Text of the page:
Heaphy, Thomas (1775-1835) (DNB00)
HEAPHY, THOMAS, the elder (1775–1835), water-colour painter, was born in London on 29 Dec. 1775. His father, John Gerrard Heaphy, had a somewhat romantic history, having been born on a battle-field where his father was killed; the latter was the eldest son of a nobleman, and had contracted a runaway match with a daughter of an Irish clergyman named Heaphy, but the legality of the marriage being subsequently contested, the matter was compromised by a provision being made for the widow and for the education of the child, who was required to take his mother's name. John Gerrard Heaphy married a French lady, and engaged in mercantile pursuits. His son Thomas, evincing a great love for drawing, was articled at an early age to R. M. Meadows, the engraver, but his inclination was rather to painting than engraving; to this he devoted all his spare time, and attended a drawing-school conducted by John Boyne near Queen Square, Bloomsbury. He exhibited for the first time at the Royal Academy in 1797, and until 1804 his contributions were exclusively portraits, but in that year he sent a subject picture, ‘The Portland Fish Girl.’ Subsequently he turned his attention to water-colour painting, to which he from that time confined himself, and became a large contributor to the exhibitions of the newly formed Water-colour Society, then held in Spring Gardens, where his representations of fish markets and other scenes of working-class life were extremely popular. In 1807 he became an associate of the society, and in the same year a full member; his ‘Hastings Fish Market,’ exhibited in 1809, sold for five hundred guineas. He now returned to portraiture, which he practised with great success, and was for some years more largely employed than perhaps any other artist except Sir Thomas Lawrence; he was appointed portrait-painter to the Princess of Wales; Princess Charlotte, Prince Leopold, and other distinguished persons sat to him. In 1812, giving up his membership of the Water-colour Society, he betook himself, at the invitation of the Duke of Wellington, to the British camp in the Peninsula, where he remained until the end of the war, painting the portraits of the English officers, and on his return executed his most important work, a representation of the Duke of Wellington giving his orders previous to a general action, which comprised portraits of about fifty general officers. An engraving from this, commenced by Anker Smith and finished by Heaphy himself, was published by him in 1822. Though the picture was a direct commission from the king, it appears to have remained on the artist's hands, as it figured in the sale of his effects.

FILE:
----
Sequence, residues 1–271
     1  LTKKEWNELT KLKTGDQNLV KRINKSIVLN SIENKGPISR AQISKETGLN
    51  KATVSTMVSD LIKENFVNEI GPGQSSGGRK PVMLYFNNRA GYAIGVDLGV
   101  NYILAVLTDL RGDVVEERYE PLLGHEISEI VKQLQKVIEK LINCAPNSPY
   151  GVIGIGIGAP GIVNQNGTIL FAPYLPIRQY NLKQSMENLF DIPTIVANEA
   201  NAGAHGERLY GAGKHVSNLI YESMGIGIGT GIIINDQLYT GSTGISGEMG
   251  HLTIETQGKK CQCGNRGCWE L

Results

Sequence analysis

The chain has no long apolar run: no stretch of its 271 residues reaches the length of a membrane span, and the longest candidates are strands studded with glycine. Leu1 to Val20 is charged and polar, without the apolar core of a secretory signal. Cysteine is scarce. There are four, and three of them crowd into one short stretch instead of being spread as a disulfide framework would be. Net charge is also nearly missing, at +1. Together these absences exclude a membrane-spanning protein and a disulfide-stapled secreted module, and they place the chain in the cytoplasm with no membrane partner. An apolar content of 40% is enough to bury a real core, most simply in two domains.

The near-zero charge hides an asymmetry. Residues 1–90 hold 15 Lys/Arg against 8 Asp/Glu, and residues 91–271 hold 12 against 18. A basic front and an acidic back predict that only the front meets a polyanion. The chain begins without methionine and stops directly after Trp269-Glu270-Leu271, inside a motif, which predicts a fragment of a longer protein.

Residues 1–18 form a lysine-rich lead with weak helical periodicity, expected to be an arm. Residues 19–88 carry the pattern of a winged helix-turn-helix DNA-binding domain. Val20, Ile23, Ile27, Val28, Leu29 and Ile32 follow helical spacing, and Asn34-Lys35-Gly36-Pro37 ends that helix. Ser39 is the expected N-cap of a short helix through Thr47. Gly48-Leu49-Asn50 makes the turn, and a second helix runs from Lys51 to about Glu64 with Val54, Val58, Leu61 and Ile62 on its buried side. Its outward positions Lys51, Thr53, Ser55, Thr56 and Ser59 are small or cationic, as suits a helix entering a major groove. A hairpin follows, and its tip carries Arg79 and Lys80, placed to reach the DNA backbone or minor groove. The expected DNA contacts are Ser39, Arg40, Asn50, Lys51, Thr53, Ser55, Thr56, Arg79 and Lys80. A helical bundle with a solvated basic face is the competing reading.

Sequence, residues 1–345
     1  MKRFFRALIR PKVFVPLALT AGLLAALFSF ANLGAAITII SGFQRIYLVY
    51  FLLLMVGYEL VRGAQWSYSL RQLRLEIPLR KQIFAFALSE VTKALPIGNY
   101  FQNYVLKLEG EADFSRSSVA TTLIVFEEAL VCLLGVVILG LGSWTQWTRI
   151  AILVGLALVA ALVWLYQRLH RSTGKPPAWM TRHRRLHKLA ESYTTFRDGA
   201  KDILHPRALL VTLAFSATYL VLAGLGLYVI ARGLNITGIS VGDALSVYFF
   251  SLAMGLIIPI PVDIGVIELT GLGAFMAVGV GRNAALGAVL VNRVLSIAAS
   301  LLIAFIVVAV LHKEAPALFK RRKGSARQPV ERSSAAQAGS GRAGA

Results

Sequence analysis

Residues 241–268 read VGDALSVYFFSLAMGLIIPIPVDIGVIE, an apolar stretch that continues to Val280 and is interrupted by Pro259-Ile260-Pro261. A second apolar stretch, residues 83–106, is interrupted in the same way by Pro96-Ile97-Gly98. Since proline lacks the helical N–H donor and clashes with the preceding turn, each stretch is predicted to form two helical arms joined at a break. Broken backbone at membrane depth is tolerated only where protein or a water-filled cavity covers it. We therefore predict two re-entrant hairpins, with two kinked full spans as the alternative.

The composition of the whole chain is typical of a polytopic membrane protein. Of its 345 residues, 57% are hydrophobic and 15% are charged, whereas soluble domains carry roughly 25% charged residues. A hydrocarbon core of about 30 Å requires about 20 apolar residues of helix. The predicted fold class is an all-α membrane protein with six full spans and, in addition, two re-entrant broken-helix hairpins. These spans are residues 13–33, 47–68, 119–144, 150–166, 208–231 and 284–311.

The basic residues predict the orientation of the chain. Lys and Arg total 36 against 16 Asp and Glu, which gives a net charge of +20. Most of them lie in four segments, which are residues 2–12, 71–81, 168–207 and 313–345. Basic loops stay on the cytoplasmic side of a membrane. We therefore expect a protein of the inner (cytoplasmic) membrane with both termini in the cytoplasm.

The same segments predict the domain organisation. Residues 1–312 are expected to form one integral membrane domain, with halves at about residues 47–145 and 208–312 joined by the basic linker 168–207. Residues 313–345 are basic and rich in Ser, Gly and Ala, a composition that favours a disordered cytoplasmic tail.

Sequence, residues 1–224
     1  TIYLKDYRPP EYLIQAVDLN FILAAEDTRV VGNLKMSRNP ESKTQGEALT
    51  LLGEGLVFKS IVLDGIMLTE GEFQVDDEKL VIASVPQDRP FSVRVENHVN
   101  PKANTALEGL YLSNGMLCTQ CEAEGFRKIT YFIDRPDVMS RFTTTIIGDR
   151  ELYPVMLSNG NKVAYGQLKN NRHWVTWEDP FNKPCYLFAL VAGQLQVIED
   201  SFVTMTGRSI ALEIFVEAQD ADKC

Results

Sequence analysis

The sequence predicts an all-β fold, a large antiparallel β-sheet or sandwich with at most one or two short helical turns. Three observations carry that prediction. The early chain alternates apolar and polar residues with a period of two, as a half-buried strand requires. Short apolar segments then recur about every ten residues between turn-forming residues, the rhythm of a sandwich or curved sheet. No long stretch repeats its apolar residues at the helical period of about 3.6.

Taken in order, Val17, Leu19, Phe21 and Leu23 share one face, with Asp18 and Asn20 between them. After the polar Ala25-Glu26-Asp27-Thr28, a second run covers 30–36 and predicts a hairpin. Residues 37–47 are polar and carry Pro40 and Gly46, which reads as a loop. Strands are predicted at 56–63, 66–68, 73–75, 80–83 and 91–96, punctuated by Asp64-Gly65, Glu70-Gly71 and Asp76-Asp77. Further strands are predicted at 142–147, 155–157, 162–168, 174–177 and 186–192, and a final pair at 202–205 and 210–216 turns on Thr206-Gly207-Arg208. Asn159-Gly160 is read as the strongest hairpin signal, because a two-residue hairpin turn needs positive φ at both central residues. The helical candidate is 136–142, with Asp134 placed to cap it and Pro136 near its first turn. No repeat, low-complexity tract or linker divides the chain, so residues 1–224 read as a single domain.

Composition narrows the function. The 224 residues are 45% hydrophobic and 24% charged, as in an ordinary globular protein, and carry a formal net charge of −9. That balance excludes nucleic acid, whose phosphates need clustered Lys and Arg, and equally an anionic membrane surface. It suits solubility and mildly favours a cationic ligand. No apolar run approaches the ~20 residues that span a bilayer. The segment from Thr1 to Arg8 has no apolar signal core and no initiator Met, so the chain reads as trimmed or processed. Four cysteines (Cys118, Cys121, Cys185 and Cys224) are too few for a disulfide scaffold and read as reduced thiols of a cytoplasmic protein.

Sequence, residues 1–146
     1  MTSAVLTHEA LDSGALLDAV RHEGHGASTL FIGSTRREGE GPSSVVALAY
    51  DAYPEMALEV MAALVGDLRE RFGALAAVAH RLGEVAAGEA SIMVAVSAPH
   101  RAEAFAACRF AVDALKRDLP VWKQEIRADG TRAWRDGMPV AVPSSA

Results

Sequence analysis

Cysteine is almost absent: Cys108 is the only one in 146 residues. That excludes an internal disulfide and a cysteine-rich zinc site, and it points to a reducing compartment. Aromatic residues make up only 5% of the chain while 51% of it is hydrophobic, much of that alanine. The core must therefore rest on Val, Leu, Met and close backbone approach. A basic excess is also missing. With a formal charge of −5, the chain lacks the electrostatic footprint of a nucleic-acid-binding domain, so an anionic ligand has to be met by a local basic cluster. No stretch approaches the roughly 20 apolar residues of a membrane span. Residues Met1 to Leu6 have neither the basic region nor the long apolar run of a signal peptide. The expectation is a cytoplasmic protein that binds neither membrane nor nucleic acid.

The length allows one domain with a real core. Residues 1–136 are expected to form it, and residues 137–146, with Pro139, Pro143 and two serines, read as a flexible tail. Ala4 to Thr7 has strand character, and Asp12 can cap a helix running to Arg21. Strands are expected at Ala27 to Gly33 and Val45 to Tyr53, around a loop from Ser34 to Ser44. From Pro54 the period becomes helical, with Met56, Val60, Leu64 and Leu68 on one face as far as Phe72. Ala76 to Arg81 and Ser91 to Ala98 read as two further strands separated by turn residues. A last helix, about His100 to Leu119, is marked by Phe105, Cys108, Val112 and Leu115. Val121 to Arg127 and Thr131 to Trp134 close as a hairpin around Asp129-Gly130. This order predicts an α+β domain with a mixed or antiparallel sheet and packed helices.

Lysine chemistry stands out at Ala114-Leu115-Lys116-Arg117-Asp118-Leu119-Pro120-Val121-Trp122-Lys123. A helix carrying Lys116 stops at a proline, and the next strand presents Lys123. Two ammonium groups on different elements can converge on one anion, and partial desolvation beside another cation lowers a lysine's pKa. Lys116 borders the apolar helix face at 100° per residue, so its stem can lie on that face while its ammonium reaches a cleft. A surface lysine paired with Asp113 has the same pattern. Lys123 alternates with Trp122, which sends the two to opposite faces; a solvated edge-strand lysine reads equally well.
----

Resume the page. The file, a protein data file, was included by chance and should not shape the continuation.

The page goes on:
Heaphy devoted much of his fortune to utilising the land in the neighbourhood of the present Regent's Park for building purposes, and thus a portion of St. John's Wood owes its origin to him. This took him temporarily away from his profession, on resuming which he projected and established the Society of British Artists, of which he was elected the first president, and to its first exhibition, in 1824, contributed nine works, but he resigned his membership the following year. In 1831 he went to Italy, where he remained until the middle of the following year, and during his residence there made some admirable copies of famous pictures by the old masters. After his return to England he painted little. He died at 8 St. John's Wood Road, 23 Oct. 1835, and was buried in Bunhill Fields. His first wife, Mary Stevenson, to whom he was married in 1800, died some time after 1820; his second, Harriet Jane Mason, survived him.
Heaphy's subject pictures were realistic representations of nature. His miniatures and other portraits, which were usually on a small scale, were characterised by truthfulness, delicacy of colour, and beauty of finish. He was a man of versatile genius, and devoted much attention to mechanical inventions. Though it is stated that he was always opposed to the Royal Academy, the catalogues show that he contributed to its exhibitions up to the end of his life. The South Kensington Museum possesses two of his water-colours, ‘The Sore Leg’ and ‘Coast Scene with Figures,’ and in the National Portrait Gallery is a youthful portrait of Lord Palmerston; his portraits of the Duke and Duchess of Buccleuch have been engraved.
Heaphy had by his first wife two sons, Thomas [q. v.] and Charles [q. v.], and three daughters, two of whom, Mary Ann (Mrs. Musgrave) and Elizabeth (Mrs. Murray), practised miniature-painting.
[Redgrave's Dict. of Artists; Athenæum, No. 418, 31 Oct. 1835; Magazine of the Fine Arts, iii. 223; Gent. Mag. 1835, pt. ii. p. 661; Graves's Dict. of Artists; Royal Academy Catalogues; information from the family.]